UNIA all the way

Marcus Mosiah Garvey

Marcus Garvey
Marcus Garvey

“Up! You mighty race, you can accomplish what you will.”
–Marcus Mosiah Garvey

Marcus Mosiah Garvey, one of the greatest leaders African people have produced, was born August 17, 1887 in St. Ann’s Bay, Jamaica, and spent his entire life in the service of his people–African people. He was bold; he was uncompromising and he was one of the most powerful orators on record. He could literally bring his audiences to a state of mass hysteria. Garvey emphasized racial pride. His goal was nothing less that the total and complete redemption and liberation of African people around the planet. His dream was the galvanization of Black people into an unrelenting steamroller that could never be defeated. I consider myself, along with many others, as one of Garvey’s children.

As a young man of fourteen, Garvey left school and worked as a printer’s apprentice. He participated in Jamaica’s earliest nationalist organizations, traveled throughout Central America, and spent time in London, England, where he worked with the Sudanese-Egyptian nationalist Duse Mohamed Ali. In 1916 Garvey was invited by Booker T. Washington to come to the United States in the hopes of establishing an industrial training school, but arrived just after Washington died. In March 1916, shortly after landing in America, Garvey embarked upon an extended period of travel. When he finally settled down, he organized a chapter of the Universal Negro Improvement Association and African Communities League. The UNIA & ACL had been formed in Jamaica in 1914. Its motto was “One God, One Aim, One Destiny,” and pledged itself to the redemption of Africa and the uplift of Black people everywhere. It aimed at race pride, self-reliance and economic independence.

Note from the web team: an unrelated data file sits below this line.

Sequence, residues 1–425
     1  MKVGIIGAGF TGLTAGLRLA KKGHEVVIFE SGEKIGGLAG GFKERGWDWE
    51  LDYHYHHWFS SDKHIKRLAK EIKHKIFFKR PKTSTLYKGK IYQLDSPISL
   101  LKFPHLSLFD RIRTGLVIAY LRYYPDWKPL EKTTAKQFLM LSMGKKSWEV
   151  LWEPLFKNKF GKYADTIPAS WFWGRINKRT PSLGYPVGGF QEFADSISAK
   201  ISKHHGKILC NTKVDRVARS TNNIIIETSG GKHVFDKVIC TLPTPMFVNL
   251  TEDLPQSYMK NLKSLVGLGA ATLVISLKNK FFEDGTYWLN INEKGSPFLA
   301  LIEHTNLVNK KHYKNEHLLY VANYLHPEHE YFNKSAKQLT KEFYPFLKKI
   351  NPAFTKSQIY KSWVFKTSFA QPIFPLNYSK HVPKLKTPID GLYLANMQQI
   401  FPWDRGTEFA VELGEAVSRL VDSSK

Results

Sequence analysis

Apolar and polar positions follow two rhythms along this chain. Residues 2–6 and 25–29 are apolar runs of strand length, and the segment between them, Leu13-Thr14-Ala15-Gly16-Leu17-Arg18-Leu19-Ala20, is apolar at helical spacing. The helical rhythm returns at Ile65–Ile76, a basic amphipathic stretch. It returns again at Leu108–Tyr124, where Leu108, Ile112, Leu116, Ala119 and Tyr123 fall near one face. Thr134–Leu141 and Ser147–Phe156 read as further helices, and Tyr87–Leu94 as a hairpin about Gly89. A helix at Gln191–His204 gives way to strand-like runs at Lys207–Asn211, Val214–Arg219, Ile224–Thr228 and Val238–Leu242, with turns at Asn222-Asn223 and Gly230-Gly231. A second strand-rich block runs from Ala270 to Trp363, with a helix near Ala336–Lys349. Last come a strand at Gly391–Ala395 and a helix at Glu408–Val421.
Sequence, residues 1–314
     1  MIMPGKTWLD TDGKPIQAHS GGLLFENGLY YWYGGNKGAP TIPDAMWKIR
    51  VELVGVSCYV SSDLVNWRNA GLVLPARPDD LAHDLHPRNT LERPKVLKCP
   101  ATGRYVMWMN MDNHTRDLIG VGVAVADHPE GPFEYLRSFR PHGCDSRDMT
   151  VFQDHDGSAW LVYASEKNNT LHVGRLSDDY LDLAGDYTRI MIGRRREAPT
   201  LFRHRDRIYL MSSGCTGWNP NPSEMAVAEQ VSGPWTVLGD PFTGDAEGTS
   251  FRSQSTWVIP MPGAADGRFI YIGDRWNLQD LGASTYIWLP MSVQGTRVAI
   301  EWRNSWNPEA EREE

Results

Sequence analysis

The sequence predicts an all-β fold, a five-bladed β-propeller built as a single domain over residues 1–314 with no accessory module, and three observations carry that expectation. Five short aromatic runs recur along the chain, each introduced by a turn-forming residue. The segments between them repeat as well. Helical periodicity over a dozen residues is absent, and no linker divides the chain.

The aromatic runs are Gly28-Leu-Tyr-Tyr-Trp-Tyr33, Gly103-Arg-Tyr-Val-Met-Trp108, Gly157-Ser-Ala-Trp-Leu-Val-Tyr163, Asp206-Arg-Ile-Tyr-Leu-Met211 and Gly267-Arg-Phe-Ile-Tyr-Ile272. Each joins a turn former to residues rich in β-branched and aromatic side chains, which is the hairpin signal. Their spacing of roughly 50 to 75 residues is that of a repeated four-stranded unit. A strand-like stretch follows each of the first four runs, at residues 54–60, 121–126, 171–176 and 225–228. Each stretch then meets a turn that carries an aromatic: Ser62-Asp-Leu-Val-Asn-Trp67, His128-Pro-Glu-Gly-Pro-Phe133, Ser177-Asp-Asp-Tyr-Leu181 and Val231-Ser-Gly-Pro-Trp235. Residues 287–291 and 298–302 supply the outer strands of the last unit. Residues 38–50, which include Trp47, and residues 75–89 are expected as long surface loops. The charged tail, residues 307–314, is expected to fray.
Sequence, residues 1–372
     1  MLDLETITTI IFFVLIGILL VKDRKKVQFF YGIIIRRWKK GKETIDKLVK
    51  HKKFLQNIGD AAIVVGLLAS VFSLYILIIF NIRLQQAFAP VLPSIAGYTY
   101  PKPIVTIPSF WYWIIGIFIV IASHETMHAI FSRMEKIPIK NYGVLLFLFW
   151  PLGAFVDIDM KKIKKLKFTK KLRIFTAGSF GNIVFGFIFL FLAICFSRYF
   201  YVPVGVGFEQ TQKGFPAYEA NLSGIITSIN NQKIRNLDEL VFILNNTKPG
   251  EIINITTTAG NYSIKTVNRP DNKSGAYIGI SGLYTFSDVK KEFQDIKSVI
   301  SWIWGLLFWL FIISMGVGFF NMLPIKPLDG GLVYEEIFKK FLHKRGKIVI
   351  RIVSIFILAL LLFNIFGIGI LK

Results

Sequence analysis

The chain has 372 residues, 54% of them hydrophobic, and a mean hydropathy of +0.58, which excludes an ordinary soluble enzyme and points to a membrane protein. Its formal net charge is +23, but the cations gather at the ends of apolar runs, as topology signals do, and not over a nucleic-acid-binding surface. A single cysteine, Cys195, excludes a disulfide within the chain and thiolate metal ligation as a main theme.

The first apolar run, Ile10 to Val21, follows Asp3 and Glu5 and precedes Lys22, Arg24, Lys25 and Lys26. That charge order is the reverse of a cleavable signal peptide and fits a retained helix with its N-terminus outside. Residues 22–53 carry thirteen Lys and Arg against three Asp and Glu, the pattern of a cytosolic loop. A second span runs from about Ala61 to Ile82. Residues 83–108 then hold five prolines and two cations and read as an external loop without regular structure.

Within a few years Garvey had become the best-known and most dynamic African leader in the Western Hemisphere and perhaps the entire world. In 1919 Mr. Garvey created an international shipping company called the Black Star Line. By 1920 the UNIA had hundreds of divisions. It hosted elaborate international conventions and published a weekly newspaper entitled the Negro World.

No other organization in modern times has had the prestige and the impact as the UNIA & ACL. During the 1920s UNIA divisions existed throughout North, South and Central America, the Caribbean, Africa, Europe and Australia.

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